This year’s deer harvest down slightly from a year ago

Last updated: December 05. 2013 8:17AM - 1339 Views
The Times-Gazette



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Highland County ranked 57th among Ohio’s 88 counties last year for the number of vehicle crashes caused by deer.


According to the Ohio Department of Transportation, Highland County had 181 deer-related crashes in 2012. Stark County topped the list with 558, while Monroe County was at the bottom with 15. Across the state, there were 20,993 vehicle collisions involving deer, resulting in six fatalities and 1,013 injuries.


And, an untold number of additional deer-vehicle crashes go unreported to law enforcement, according to ODOT.


Ohio drivers are being warned to take extra precaution this week due to the annual seven-day deer gun season that kicked off Monday and runs through Sunday.


“Increased deer movement typically begins around the start of fall and continues past hunting season,” said ODOT Director Jerry Wray. “The result can mean more deer on our highways and more crashes with vehicles.”


ODOT advises motorists to use these safe driving tips to help avoid collisions with deer:


• See the signs: Deer-crossing signs are posted in higher-risk areas. Drive with caution, especially in the posted areas.


• Deer don’t roam alone: Deer often run together. If you see one deer near or crossing the road, expect others to follow.


• Danger from dusk to dawn: Watch for deer especially at dawn and around sunset. About 20 percent of the collisions occur in early morning, while more than half occur between 5 p.m. and midnight.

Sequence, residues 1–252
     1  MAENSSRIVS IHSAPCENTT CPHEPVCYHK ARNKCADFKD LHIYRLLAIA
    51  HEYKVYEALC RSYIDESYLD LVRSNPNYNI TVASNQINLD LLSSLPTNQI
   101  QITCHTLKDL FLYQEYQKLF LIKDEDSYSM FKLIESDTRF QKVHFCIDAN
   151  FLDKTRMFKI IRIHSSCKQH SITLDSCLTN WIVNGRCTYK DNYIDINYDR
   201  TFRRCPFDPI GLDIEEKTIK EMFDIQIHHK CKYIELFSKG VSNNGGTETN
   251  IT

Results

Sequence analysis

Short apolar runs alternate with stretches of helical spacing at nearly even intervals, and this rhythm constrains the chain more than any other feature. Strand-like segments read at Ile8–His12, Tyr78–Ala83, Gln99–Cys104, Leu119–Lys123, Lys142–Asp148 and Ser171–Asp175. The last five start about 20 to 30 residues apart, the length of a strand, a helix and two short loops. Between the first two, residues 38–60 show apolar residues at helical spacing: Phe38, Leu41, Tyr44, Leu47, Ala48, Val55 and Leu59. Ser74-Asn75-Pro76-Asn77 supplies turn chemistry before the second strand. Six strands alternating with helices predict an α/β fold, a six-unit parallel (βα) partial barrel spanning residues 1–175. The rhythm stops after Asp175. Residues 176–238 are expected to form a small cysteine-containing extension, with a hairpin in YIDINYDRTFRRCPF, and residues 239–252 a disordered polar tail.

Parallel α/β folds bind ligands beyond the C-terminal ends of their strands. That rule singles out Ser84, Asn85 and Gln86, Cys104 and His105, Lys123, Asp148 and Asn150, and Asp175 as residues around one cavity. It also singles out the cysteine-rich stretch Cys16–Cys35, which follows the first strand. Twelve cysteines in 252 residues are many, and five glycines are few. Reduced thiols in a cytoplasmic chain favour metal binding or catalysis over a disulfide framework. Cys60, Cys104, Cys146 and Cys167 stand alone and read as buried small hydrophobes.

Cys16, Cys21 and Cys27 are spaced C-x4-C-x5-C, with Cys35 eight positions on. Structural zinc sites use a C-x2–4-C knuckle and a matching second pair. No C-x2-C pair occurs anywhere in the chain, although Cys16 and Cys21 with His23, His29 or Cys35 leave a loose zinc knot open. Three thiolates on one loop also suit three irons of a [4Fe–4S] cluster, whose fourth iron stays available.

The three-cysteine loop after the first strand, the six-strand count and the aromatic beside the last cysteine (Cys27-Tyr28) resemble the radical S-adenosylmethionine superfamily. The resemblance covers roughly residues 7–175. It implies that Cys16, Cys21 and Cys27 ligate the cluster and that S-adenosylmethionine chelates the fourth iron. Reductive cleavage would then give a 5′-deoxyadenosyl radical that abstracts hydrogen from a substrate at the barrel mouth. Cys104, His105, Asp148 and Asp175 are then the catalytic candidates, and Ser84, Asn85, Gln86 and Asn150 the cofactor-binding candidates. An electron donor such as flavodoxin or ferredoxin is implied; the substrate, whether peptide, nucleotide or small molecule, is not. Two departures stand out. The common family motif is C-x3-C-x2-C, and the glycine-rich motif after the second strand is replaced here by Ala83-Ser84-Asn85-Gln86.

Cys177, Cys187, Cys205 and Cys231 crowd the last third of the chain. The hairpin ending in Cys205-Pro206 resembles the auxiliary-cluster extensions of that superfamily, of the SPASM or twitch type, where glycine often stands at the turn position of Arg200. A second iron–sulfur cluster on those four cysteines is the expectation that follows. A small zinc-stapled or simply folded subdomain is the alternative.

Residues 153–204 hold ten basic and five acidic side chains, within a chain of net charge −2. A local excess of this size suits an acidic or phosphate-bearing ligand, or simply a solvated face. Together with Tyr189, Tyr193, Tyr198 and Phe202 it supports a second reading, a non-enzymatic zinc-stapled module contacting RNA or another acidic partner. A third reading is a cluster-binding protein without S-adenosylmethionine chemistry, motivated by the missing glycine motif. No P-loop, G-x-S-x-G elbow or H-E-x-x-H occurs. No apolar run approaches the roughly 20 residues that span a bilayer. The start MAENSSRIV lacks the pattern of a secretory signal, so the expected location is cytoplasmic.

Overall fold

If a vehicle strikes a deer, motorists should report the crash to local law enforcement, the sheriff’s department, the Ohio State Highway Patrol, or the Ohio Department of Natural Resources.


Approximately 420,000 hunters are expected to participate in this year’s deer hunting season.


This year’s number of deer harvested so far is lower than a year ago.


Through Monday, Ohio hunters had harvested 109,932 deer, compared to 113,107 at the same point in the season last year, a decrease of 3 percent.


In Highland County, 294 deer had been harvested through Monday, compared to 448 a year ago, according to the Ohio Department of Natural Resources Division of Wildlife.


Deer hunting in Ohio continues to be a popular activity. Ohio hunters checked 218,910 deer during the 2012-13 season. Ohio ranks fifth nationally in resident hunters and 11th in the number of jobs associated with hunting-related industries. Hunting has a more than $853 million economic impact in Ohio through the sale of equipment, fuel, food, lodging and more, according to the National Shooting Sports Foundation’s Hunting in America: An Economic Force for Conservation publication.


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